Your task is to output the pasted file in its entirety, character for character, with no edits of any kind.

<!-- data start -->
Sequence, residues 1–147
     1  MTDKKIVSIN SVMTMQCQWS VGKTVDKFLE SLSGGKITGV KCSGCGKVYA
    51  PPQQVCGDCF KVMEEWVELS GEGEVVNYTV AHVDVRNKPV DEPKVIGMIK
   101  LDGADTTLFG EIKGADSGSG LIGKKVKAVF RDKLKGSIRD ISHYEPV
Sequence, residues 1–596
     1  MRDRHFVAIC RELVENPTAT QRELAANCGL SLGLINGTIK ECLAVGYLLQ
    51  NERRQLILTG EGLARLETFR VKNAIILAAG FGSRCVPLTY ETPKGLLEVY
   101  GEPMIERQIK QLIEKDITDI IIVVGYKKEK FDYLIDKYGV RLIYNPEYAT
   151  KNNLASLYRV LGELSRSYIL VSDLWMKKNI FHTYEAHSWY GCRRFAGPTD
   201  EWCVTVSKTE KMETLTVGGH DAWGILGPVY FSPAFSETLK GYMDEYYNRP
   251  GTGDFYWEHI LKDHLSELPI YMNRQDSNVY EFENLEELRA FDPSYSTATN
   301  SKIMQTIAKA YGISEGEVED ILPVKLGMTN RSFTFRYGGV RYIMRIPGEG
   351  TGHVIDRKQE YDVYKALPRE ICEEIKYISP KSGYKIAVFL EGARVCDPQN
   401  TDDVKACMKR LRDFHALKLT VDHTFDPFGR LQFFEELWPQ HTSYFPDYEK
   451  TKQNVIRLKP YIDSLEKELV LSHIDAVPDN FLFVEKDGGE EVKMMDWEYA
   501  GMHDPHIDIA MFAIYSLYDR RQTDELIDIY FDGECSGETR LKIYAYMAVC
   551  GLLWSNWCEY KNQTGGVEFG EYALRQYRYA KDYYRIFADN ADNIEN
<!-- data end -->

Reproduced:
Sequence, residues 1–147
     1  MTDKKIVSIN SVMTMQCQWS VGKTVDKFLE SLSGGKITGV KCSGCGKVYA
    51  PPQQVCGDCF KVMEEWVELS GEGEVVNYTV AHVDVRNKPV DEPKVIGMIK
   101  LDGADTTLFG EIKGADSGSG LIGKKVKAVF RDKLKGSIRD ISHYEPV
Sequence, residues 1–596
     1  MRDRHFVAIC RELVENPTAT QRELAANCGL SLGLINGTIK ECLAVGYLLQ
    51  NERRQLILTG EGLARLETFR VKNAIILAAG FGSRCVPLTY ETPKGLLEVY
   101  GEPMIERQIK QLIEKDITDI IIVVGYKKEK FDYLIDKYGV RLIYNPEYAT
   151  KNNLASLYRV LGELSRSYIL VSDLWMKKNI FHTYEAHSWY GCRRFAGPTD
   201  EWCVTVSKTE KMETLTVGGH DAWGILGPVY FSPAFSETLK GYMDEYYNRP
   251  GTGDFYWEHI LKDHLSELPI YMNRQDSNVY EFENLEELRA FDPSYSTATN
   301  SKIMQTIAKA YGISEGEVED ILPVKLGMTN RSFTFRYGGV RYIMRIPGEG
   351  TGHVIDRKQE YDVYKALPRE ICEEIKYISP KSGYKIAVFL EGARVCDPQN
   401  TDDVKACMKR LRDFHALKLT VDHTFDPFGR LQFFEELWPQ HTSYFPDYEK
   451  TKQNVIRLKP YIDSLEKELV LSHIDAVPDN FLFVEKDGGE EVKMMDWEYA
   501  GMHDPHIDIA MFAIYSLYDR RQTDELIDIY FDGECSGETR LKIYAYMAVC
   551  GLLWSNWCEY KNQTGGVEFG EYALRQYRYA KDYYRIFADN ADNIEN